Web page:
Your health and safety are our top priorities. We know the coronavirus has created new and unexpected challenges. Here’s how the AP Program is supporting you and your school:
- We’re providing live and on-demand AP courses for free.
- We’re developing a new at-home testing option.
Based on the number and length of school closures, it's clear that the usual way AP Exams are given at schools won’t be possible.
Some students may want to take the exam sooner rather than later, while the content is still fresh. Other students may want more time to practice. For each AP subject, there will be two different testing dates. The full exam schedule, specific free-response question types that will be on each AP Exam, and additional testing information will be available by April 3.
Taking the Exam
We surveyed 18,000 AP students to see if they still wanted the opportunity to test this year. Their answer: a resounding yes.
Free resources will be available through exam day to help you get ready. While we encourage you to wait until closer to the test to decide, any student registered for an exam can cancel at no charge.
For the 2019-20 exam administration only:
- We’re developing secure 45-minute online free-response exams for each course.
- The exam content will focus on what most schools were able to complete by early March.
- You’ll be able to take your exams on any device you have access to—computer, tablet, or smartphone. You’ll also have the option to write your responses by hand and submit a photo.
- Colleges support this solution and are committed to ensuring that AP students receive the credit they have worked to earn. For decades, colleges have accepted a shortened AP Exam for college credit when groups of students have experienced emergencies.
- We know that not all students have access to the internet or a device. We’re working on solutions to help students get what they need to show their best work. If you need mobile tools or connectivity or know someone who does, you can reach us directly to let us know.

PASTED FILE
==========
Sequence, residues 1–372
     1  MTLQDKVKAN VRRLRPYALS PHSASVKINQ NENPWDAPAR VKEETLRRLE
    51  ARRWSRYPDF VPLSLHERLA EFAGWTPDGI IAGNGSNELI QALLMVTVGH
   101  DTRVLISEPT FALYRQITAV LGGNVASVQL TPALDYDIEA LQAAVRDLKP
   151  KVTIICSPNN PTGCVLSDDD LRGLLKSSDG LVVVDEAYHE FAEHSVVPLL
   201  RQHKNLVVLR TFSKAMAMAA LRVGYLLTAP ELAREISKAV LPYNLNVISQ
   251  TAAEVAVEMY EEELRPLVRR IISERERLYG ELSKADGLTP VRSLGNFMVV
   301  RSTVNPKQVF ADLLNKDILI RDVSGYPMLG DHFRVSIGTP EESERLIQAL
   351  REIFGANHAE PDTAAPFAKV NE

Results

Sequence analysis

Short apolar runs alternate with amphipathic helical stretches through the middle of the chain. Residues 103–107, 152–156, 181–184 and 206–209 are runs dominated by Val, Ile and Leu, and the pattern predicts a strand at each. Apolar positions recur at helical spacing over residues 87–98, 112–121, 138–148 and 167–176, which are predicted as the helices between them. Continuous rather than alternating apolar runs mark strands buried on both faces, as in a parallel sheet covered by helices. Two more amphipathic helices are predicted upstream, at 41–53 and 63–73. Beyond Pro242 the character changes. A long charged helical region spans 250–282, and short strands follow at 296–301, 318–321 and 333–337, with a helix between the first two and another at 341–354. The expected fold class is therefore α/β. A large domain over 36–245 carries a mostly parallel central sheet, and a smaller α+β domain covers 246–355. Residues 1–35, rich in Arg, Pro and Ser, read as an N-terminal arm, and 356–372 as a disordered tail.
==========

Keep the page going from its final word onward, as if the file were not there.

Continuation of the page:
The exams will be secure. We’re using a variety of digital security tools, including plagiarism detection software.
Free AP Review Classes
Beginning on Wednesday, March 25, you can attend free, live AP review courses, delivered by AP teachers from across the country. These courses:
- Are optional, mobile-friendly, and can be used alongside any work your teacher may give you.
- Will be available on-demand, so you can access them any time.
- Will focus on reviewing the skills and concepts from the first 75% of the course. There will also be some supplementary lessons including topics from the final 25% of the course.
To access the live classes and recordings, visit the AP YouTube channel. We’ll be adding more courses soon.
Daily AP Course Schedule
Time Livestream 1 Livestream 2 Livestream 3 Livestream 4 Livestream 5 9-9:45a.m. ET Calculus BC 10-10:45a.m. ET Chemistry Music Theory 11-11:45a.m. ET Physics C: Mechanics U.S. History European History 12-12:45p.m. ET English Literature and Composition Physics 1: Algebra-Based Italian Language and Culture 1-1:45p.m. ET Art History Environmental Science German Language and Culture 2-2:45p.m. ET Statistics Spanish Literature and Culture Calculus AB 3-3:45p.m. ET Spanish Language and Culture Microeconomics U.S. Government and Politics English Language and Composition 4-4:45p.m. ET Biology Psychology Comparative Government & Politics Computer Science A Japanese Language and Culture 5-5:45p.m. ET Chinese Language and Culture Macroeconomics Physics 2: Algebra-Based Human Geography 6-6:45p.m. ET World History: Modern Physics C: Electricity & Magnetism French Language and Culture Latin
Download the daily schedule for 32 courses (.pdf/455 KB).
Find your course schedule below.
Date Time Lesson Topic Wednesday, March 25, 2020 3−3:45 p.m. ET 1.B Explain how an argument demonstrates understanding of an audience’s beliefs, values, or needs. Thursday, March 26, 2020 3−3:45 p.m. ET 1.B Explain how an argument demonstrates understanding of an audience’s beliefs, values, or needs. Friday, March 27, 2020 3−3:45 p.m. ET 1.B Explain how an argument demonstrates understanding of an audience’s beliefs, values, or needs.